Domino's Pizza Founder Wins Injunction Against Contraception Mandate

By:  Dave Bohon
01/07/2013
       
Domino's Pizza Founder Wins Injunction Against Contraception Mandate

The founder of Domino's Pizza is the latest to win a temporary injunction blocking enforcement of the Obama administration's contraception mandate.

The founder and former owner of Domino's Pizza is the latest to win a temporary injunction blocking enforcement of the Obama administration's contraception mandate, which requires employers to provide free birth control — including abortifacient drugs — to their employees.

Thomas Monaghan (pictured), a Roman Catholic who ran the Domino's Pizza chain on his religious principles before selling it to Bain Capital in 1998, is now a real estate developer who helped to found the Ave Maria community in Florida, which is home to the Catholic Ave Maria University.

Last month Monaghan filed suit against the contraception mandate on behalf of his Michigan-based property management firm, Domino's Farms Corporation, charging that requiring the company to make available abortion-causing drugs like Plan B and other so-called “morning after” contraceptives would violate the moral and religious convictions by which he operates the business.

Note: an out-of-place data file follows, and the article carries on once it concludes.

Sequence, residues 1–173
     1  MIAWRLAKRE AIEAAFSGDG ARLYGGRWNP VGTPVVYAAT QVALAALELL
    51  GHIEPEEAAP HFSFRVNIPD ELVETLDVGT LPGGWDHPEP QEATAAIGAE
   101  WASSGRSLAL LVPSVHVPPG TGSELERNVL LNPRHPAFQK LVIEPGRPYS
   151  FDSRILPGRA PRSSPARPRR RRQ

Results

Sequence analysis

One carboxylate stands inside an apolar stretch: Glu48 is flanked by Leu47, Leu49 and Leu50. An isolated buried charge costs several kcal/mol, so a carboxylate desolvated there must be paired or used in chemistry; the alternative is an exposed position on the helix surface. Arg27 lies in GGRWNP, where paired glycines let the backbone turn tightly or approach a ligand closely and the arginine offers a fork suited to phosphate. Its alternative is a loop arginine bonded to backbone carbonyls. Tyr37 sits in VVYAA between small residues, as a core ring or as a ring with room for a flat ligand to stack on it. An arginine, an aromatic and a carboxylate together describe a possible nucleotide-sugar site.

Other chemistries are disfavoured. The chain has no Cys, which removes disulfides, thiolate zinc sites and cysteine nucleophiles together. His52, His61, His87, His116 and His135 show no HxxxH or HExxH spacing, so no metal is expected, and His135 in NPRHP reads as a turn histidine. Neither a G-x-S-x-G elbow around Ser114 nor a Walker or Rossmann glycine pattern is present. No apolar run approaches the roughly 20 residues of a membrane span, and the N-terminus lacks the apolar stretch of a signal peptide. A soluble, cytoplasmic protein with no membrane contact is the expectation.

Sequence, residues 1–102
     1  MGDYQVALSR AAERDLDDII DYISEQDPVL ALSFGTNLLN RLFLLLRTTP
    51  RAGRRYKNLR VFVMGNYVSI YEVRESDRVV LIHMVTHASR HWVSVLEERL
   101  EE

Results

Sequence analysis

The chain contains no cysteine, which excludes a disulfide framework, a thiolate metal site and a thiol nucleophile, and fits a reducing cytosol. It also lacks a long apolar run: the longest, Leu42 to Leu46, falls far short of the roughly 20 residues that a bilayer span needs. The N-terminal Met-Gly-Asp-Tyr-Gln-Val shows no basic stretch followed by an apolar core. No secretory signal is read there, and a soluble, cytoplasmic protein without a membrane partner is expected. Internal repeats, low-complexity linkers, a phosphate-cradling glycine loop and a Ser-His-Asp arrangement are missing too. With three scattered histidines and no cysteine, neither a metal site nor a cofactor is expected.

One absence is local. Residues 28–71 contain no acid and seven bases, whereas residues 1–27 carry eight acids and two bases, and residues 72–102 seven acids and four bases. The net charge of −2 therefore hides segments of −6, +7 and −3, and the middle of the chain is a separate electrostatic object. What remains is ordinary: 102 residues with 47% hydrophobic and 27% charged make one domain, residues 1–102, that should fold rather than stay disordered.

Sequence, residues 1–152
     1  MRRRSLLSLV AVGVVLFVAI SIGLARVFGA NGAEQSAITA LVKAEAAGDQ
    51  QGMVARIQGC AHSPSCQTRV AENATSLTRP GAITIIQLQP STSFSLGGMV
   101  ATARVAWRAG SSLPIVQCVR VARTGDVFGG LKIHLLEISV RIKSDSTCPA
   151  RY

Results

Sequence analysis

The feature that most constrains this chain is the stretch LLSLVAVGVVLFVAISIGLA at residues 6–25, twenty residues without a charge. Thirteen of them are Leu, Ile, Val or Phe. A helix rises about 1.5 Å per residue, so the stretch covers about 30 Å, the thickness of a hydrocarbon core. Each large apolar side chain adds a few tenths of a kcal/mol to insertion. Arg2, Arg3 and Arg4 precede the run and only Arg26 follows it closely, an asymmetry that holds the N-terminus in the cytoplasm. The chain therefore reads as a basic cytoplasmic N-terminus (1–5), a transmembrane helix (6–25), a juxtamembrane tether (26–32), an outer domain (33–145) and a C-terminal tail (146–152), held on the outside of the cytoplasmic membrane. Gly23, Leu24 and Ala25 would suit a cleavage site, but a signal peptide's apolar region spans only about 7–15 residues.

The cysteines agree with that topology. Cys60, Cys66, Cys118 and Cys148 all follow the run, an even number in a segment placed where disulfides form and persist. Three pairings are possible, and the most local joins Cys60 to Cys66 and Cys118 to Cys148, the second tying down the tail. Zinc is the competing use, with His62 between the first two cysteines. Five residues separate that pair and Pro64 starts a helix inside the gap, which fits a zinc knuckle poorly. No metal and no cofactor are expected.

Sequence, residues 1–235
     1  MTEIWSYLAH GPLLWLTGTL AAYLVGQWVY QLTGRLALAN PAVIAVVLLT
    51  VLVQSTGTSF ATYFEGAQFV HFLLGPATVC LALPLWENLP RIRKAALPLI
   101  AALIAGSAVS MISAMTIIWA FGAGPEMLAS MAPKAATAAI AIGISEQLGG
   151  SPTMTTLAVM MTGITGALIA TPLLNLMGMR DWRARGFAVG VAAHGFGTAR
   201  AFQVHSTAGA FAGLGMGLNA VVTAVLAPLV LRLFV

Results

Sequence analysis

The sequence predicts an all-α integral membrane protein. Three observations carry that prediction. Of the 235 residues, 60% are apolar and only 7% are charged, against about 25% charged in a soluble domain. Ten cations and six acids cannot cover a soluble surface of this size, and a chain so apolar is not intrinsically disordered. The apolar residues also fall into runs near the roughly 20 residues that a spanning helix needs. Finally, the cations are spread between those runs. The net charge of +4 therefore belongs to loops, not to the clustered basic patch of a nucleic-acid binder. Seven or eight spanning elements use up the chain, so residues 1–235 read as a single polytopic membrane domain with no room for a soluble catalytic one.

On December 31 Michigan District Court Judge Lawrence P. Zatkoff granted Monaghan an emergency injunction blocking the mandate's requirements for his company while his suit moves forward.

In his ruling Zatkoff wrote that forcing Monaghan to abide by the mandate would “substantially burden his exercise of religion. Because plaintiffs' claims involve a First Amendment right, and because the court has found some likelihood that plaintiffs' ... claim will succeed on the merits, the court finds that irreparable harm could result to plaintiff.”

Zatkoff noted that any supposed harm of “delaying the implementation of a statute that may later be deemed constitutional is outweighed by the risk of substantially burdening the free exercise of religion. Moreover, the harm of carving out, at least temporarily, an additional exemption for an organization with less than 100 employees can hardly be considered a significant or 'irreparable' harm to the Government.”

Click here to read the entire article.

Photo of Thomas Monaghan: AP Images

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